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A record number of companies delayed their initial public offerings this week in the wake of market upsets.

Following agency Standard & Poor’s downgrading of the U.S. credit rating from AAA to AA (and the subsequent stock market slide), many companies were reluctant to sell their wares on the public market.

As a result, around 83% of this week’s scheduled IPOs — between 9 and 13 events, depending on which sources you consult — were delayed or postponed, some indefinitely.

Bloomberg’s Emily Chang noted that the number of postponements had even set a record, “the most in one week in more than a decade.” Chang counted 13 postponements on the Bloomberg Terminal, saying to VentureBeat that although all 13 companies were not going public the week of August 8, “That number includes postponements/withdrawals that were slated for upcoming weeks as well.”

See below for the list of delayed IPOs we know about.

Naturally, we’ve been wondering whether some of the more highly-anticipated, already-filed tech IPOs — like Groupon and Zynga — might be delayed for the same reasons as this week’s crop of delays. Both companies filed amended S-1 forms this week, suggesting their IPO plans are still on track, but some researchers are even wondering whether interest might be cooling altogether, given the volatility of the market and the uncertain track record of tech stock in general.

“Investors are looking for unique companies that are capable of growing through all kinds of market conditions and that have a product that is gaining significant traction,” Paul Bard, director of research at Renaissance Capital, stated in one report today. “We don’t know how much froth has been taken out of the Internet market.”

However, Dow Jones Investment Banker’s John Morris said to VentureBeat, “Both [Zynga and Groupon] are still some ways away from going to market, so it’s hard to say what impact if any this week will have on their plans or their pricing. But it’s safe to say the companies and their bankers weren’t happy about the events this week.”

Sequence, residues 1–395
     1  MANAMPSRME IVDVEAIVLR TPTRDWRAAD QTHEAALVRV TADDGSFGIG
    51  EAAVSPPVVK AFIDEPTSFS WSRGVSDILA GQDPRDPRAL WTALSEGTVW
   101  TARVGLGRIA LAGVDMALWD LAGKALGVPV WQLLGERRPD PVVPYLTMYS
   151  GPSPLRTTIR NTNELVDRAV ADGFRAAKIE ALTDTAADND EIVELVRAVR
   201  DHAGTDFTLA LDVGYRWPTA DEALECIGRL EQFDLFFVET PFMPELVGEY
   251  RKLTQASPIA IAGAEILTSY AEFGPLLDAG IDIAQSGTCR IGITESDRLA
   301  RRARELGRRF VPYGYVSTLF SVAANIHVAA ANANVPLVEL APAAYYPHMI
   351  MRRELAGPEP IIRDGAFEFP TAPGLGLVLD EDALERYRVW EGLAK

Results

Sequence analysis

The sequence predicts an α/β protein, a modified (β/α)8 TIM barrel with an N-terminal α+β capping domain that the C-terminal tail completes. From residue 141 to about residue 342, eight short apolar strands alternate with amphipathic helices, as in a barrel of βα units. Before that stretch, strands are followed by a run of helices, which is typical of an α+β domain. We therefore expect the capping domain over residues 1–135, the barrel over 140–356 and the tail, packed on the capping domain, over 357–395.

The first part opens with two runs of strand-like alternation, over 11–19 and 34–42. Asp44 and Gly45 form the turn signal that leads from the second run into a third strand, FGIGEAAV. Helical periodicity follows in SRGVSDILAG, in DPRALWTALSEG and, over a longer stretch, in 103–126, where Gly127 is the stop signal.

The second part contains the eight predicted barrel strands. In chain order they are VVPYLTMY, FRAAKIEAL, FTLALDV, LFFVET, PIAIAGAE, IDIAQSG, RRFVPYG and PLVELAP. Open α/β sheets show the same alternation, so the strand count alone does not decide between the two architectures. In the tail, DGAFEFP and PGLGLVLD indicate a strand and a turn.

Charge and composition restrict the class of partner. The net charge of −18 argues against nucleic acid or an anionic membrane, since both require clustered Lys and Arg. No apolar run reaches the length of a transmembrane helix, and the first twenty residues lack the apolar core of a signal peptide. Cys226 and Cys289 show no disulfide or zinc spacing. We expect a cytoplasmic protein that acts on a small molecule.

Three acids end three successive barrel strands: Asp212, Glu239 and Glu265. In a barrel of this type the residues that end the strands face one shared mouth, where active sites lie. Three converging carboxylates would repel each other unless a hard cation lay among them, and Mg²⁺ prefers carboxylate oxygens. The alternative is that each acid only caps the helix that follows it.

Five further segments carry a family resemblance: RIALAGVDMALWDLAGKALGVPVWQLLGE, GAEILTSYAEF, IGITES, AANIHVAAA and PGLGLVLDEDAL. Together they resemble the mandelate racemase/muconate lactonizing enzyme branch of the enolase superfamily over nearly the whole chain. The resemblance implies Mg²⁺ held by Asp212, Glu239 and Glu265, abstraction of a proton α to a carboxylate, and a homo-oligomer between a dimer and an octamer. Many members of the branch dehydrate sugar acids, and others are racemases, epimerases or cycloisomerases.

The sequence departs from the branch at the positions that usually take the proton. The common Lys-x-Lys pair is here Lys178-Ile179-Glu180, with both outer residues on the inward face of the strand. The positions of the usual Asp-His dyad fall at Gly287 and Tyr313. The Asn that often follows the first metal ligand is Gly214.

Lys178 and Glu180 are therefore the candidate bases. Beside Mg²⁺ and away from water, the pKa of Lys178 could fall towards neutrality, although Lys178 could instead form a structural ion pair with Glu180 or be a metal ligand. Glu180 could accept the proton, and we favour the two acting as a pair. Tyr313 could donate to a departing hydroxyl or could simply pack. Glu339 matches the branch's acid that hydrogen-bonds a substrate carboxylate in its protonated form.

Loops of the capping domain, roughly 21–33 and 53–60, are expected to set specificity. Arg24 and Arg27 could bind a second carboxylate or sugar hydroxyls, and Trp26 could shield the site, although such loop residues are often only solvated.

IPOs that did brave the waters this week found themselves debuting lower than shareholders would have liked. For example, online data backup firm Carbonite priced its shares at $10, less than the expected $15-17, and raised $62.5 million, around 40% less than anticipated.

In the bigger picture, analysts at PricewaterhouseCooper are concerned that the market’s general nosedive over the past week will continue to impact IPO activity for the remainder of the year.

So far in 2011, between January 1 and June 30, 79 IPOs have generated $24.3 billion. For the same time period in 2010, 70 IPOs generated $9.4 billion.

However, PwC analyst Henri Leveque stated, “disruptions in the overall market and a variety of recent macroeconomic events may present considerable challenges for companies looking to execute an IPO in the coming months.”

“The summer months, particularly August, are typically a slower time for IPO activity,” said Leveque, “so it will remain to be seen how quickly market stability and confidence returns and whether those companies waiting in the wings will move forward with their IPO plans come September.”

Here are the planned IPOs put on ice this week. Are we missing something? Let us know in the comments.


  • Midland States Bancorp filed for an IPO May 13 but has postponed the offering due to “adverse market conditions.”
  • Enduro Royalty Trust, an Austin-based oil trust, was scheduled to debut stock in the $24-26 range and postponed its August 10 IPO.
  • HomeStreet Bank‘s IPO was set for August 11. The Seattle-based lender put off its offering “due to the difficult market,” according to an underwriter.
  • InvenSense is in the business of motion processing technologies for consumer electronics. Its August 10 IPO was delayed “due to market conditions,” said an underwriter.
  • Loyalty Alliance Enterprise, a Chinese multi-channel marketing and customer loyalty firm, postponed its scheduled August 11, $75 million IPO.
  • TIMWE was scheduled for an August 12 IPO. The company, which focuses on mobile monetization in Latin America, had to postpone the offering.
  • Chicago-based data-security firm Trustwave postponed its August 10 IPO.
  • WageWorks, a San Mateo-based employee benefits program, has indefinitely postponed its IPO, which was scheduled to take place on August 9.
  • WhiteGlove Health is an Autin-based medical services company that sends caregivers to patients’ homes and offices. The company’s August 9 IPO was delayed.

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